“t’s somewhat similar to what Dark Horse was doing in the years between 1991 and 2014 when it had the license for “Star Wars” and used it to produce over 100 comics, creating new characters and mythology, absolutely none of which has made its way into the movies.”
Actually, the entire “Palpatine returns as a clone and can switch bodies with other force sensitive people” plot is literally lifted from Dark Empire, published by Dark Horse way back in 1993. A lot of people credit that series for breathing life into Star Wars again.
The problem with Star Wars is that Kathleen Kennedy let Rian Johnson do whatever the bleep he wanted to do with “The Last Jedi” and he not only crapped out a terrible film but one that crippled the entire third trilogy. “Solo” wound up taking the brunt of the damage, which has scared them off stories set in the past with established characters.
But these films are so damned expensive that trying to do something new with no connection to established characters is very risky. it is not much of an exaggeration to say another bomb like “Solo” could kill off the movies for 10+ years.
And the most recent trilogy produced only two characters who could conceivably carry their own films – Rey (though I’m not sure what you can do with Perfect McPerfectface) and Finn. Poe has been so gelded by the past two films I can’t imagine anyone building a $200 million blockbuster around him.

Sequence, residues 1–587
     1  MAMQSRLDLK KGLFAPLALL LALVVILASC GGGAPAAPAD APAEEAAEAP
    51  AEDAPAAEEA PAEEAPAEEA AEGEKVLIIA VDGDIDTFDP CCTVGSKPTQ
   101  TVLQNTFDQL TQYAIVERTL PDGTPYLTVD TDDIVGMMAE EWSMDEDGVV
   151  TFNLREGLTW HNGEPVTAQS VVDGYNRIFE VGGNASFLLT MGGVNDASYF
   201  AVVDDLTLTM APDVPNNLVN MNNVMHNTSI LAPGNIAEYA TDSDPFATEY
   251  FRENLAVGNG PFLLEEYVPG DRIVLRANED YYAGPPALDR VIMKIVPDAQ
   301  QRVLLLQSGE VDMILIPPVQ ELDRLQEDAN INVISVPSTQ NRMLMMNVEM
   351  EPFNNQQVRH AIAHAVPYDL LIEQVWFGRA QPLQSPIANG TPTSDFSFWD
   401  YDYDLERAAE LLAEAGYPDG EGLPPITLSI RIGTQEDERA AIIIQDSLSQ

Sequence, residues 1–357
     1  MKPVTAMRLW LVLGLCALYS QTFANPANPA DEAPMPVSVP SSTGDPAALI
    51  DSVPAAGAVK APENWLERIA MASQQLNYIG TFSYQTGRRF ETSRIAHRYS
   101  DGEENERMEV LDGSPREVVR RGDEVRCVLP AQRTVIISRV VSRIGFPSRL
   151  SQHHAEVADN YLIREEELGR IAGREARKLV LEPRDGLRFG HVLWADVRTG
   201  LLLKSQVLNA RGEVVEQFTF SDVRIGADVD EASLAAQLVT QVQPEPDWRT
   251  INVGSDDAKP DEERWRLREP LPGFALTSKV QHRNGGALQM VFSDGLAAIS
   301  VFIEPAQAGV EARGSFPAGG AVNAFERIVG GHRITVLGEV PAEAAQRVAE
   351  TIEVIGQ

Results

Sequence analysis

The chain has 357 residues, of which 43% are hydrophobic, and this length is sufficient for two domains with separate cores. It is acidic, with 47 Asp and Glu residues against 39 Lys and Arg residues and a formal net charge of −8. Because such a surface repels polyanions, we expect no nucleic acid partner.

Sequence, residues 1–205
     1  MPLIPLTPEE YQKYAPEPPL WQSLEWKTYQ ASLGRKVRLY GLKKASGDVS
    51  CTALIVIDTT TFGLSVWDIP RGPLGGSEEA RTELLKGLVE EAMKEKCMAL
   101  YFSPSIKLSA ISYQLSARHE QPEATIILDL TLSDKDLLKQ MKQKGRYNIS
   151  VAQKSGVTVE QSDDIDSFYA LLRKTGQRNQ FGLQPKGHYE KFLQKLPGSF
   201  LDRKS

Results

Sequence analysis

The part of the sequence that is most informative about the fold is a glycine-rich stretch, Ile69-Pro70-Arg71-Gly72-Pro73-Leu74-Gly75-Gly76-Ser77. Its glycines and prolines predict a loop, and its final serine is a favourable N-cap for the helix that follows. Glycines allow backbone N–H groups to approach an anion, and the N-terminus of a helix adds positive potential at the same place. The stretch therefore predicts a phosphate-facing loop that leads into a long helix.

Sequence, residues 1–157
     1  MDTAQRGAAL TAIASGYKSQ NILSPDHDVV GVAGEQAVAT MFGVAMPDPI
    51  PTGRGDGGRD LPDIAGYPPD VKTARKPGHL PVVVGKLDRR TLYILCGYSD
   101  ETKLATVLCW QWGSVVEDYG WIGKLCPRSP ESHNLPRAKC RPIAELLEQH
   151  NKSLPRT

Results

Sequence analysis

People rightfully complain about “gatekeeping” in comics and nerd culture but the Star Wars franchise is a good example of what can happen when no one is standing guard at that gate.
Star Wars fandom is broken, maybe beyond repair. And it’s not Rian Johnson’s fault.
“(W)hen the “Star Wars” audience can no longer agree on the fundamental question of what a “Star Wars” movie is, or should be, the fundamentalism of the ultimate franchise leaks away. The real star wars are now the ones that take place among fans: The series is too obsessed with recreating the original two films! It’s too obsessed with diversity! It’s now just diverse enough, and anyone who rejects that rejects the spirit of “Star Wars”! “The Last Jedi” was a busy botch! “The Last Jedi” was the best film in the series since “The Empire Strikes Back”! “The Rise of Skywalker” hits the bull’s-eye for fans! “The Rise of Skywalker” is sheer fan service, and therefore sucks!”
The Force Awakens was a phenom that will be hard to repeat. It was the first SW movie in 10 years, and the first with the original stars in 32 years. There was tremendous anticipation for that movie, and not just among hardcore SW geeks.
But now, SW movies aren’t special events. Now it’s just “Ho hum, it’s this year’s Star Wars movie.”
Lucasfilm is wise to take a few years off before the next entry. Maybe they can fix the chaos that has led to directors being hired and fired, Rogue One being heavily reshot by an uncredited director, and so on.